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Nested indirect statements

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Nested indirect statements

Postby Quis ut Deus » Sun May 16, 2010 12:01 am

Salvete omnes!

Volo sententiam talem latine scribere:

"Bob said that Bruce said he was hungry," aut "Bruce said that Bob said that Dave said that Mike said that he was hungry."

Quomodo sententiam talem scribere possum?

Valete!
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Re: Nested indirect statements

Postby adrianus » Sun May 16, 2010 1:16 am

Dicam hoc:

"Dixit Robertus Brutum dixisse se/eum esurire."

et

"Robertus dixit Brutum dixisse Davum dixisse Michaelem dixisse se/eum esurire."
I'm writing in Latin hoping for correction, and not because I'm confident in how I express myself. Latinè scribo ut ab omnibus corrigar, non quod confidenter me exprimam.
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Re: Nested indirect statements

Postby Quis ut Deus » Sun May 16, 2010 1:54 am

Salve Adriane!

Gratias tibi ago.
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Re: Nested indirect statements

Postby ptolemyauletes » Mon May 17, 2010 2:40 pm

Who is hungry though? The English is certainly ambiguous, with only context making it entirely clear.
'Bob said that Bruce said he was hungry.'
Did Bob say that Bruce said Bruce was hungry or that Bob was hungry? Who is the 'he' referring to?

Latin normally gets around this problem by using 'se' as opposed to 'eum'.
'se' is supposed to refer back to the original subject of the sentence.

Hence 'Dixit Robertus Brutum dixisse se esurire' properly means 'Bob said that Bruce said he (Bob) was hungry.'

On the other hand 'Dixit Robertus Brutum dixisse eum esurire' would seem to mean 'Bob said that Bruce said he (Bruce) was hungry.'

How set in stone is this rule though? I know I have seen instances in Latin of the se actually referring to the accusative subject rather than the original subject.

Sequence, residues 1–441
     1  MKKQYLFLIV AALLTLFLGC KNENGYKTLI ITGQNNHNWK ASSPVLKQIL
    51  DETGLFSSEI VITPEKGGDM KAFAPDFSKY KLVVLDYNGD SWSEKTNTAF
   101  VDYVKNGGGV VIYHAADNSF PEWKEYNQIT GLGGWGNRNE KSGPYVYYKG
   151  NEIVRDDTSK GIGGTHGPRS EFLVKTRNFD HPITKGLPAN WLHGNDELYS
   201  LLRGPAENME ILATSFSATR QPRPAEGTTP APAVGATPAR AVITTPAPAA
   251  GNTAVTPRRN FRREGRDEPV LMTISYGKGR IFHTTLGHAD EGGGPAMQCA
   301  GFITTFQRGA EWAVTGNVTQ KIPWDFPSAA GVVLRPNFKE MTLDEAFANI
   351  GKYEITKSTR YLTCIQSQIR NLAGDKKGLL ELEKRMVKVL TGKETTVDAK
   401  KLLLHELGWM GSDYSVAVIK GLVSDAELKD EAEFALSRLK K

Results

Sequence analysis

I have also seen 'ipsum' used to avoid ambiguity.
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Re: Nested indirect statements

Postby adrianus » Mon May 17, 2010 3:29 pm

ptolemyauletes wrote:Latin normally gets around this problem by using 'se' as opposed to 'eum'.
'se' is supposed to refer back to the original subject of the sentence.
...I know I have seen instances in Latin of the se actually referring to the accusative subject rather than the original subject.

See A&G §301e ("The reflexive may refer..."). It's ambiguous in Latin and English every which way here. That's why I wouldn't attempt to distinguish "se/eum" above. Can of worms. Unless you say "he, the first/second...last referred to", or someone else entirely by their name.

Vide A&G §301e ("potest referre pronomen reflexivum..."). Omnibus in artibus hîc et latinè et anglicè ambiguum est. Idcircò "se" et "eum" suprà non discrimino. Res valdè confundit. Nisi planè et dicitur "primum/secundum...ultimum citatum" vel alius adusquè per eius nomen.

"Robertus dixit Brutum dixisse Davum dixisse Michaelem dixisse se [ipsum] Michaelem enim esurire."
"Robertus dixit Brutum dixisse Davum dixisse Michaelem dixisse se Robertum enim esurire." ? Non placet, meo judicio.
"Robertus dixit Brutum dixisse Davum dixisse Michaelem dixisse eum Brutum/Davum [vel alium per nomen] enim esurire."
I'm writing in Latin hoping for correction, and not because I'm confident in how I express myself. Latinè scribo ut ab omnibus corrigar, non quod confidenter me exprimam.
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Re: Nested indirect statements

Postby ptolemyauletes » Tue May 18, 2010 10:50 am

Yes, you're right... the rules (rules never work) are supposed to work one way, but as you say, even the rules are ambiguous on this point. As ever, context wins the day.
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